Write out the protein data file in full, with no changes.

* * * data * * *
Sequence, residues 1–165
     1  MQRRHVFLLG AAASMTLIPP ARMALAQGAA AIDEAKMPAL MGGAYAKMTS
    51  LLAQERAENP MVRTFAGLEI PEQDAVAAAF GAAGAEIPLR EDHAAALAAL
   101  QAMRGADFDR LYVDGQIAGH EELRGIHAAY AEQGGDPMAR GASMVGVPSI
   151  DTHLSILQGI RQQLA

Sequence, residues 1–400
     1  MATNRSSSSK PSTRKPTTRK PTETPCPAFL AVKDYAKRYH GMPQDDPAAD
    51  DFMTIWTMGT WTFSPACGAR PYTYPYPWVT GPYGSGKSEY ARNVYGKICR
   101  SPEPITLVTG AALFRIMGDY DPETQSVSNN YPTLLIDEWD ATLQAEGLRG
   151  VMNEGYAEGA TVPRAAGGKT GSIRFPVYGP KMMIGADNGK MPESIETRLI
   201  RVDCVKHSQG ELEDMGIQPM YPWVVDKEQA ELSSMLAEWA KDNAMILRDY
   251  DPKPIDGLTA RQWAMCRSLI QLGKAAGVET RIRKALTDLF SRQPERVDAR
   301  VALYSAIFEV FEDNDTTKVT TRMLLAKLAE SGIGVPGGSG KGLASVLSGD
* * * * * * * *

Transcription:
Sequence, residues 1–165
     1  MQRRHVFLLG AAASMTLIPP ARMALAQGAA AIDEAKMPAL MGGAYAKMTS
    51  LLAQERAENP MVRTFAGLEI PEQDAVAAAF GAAGAEIPLR EDHAAALAAL
   101  QAMRGADFDR LYVDGQIAGH EELRGIHAAY AEQGGDPMAR GASMVGVPSI
   151  DTHLSILQGI RQQLA

Sequence, residues 1–400
     1  MATNRSSSSK PSTRKPTTRK PTETPCPAFL AVKDYAKRYH GMPQDDPAAD
    51  DFMTIWTMGT WTFSPACGAR PYTYPYPWVT GPYGSGKSEY ARNVYGKICR
   101  SPEPITLVTG AALFRIMGDY DPETQSVSNN YPTLLIDEWD ATLQAEGLRG
   151  VMNEGYAEGA TVPRAAGGKT GSIRFPVYGP KMMIGADNGK MPESIETRLI
   201  RVDCVKHSQG ELEDMGIQPM YPWVVDKEQA ELSSMLAEWA KDNAMILRDY
   251  DPKPIDGLTA RQWAMCRSLI QLGKAAGVET RIRKALTDLF SRQPERVDAR
   301  VALYSAIFEV FEDNDTTKVT TRMLLAKLAE SGIGVPGGSG KGLASVLSGD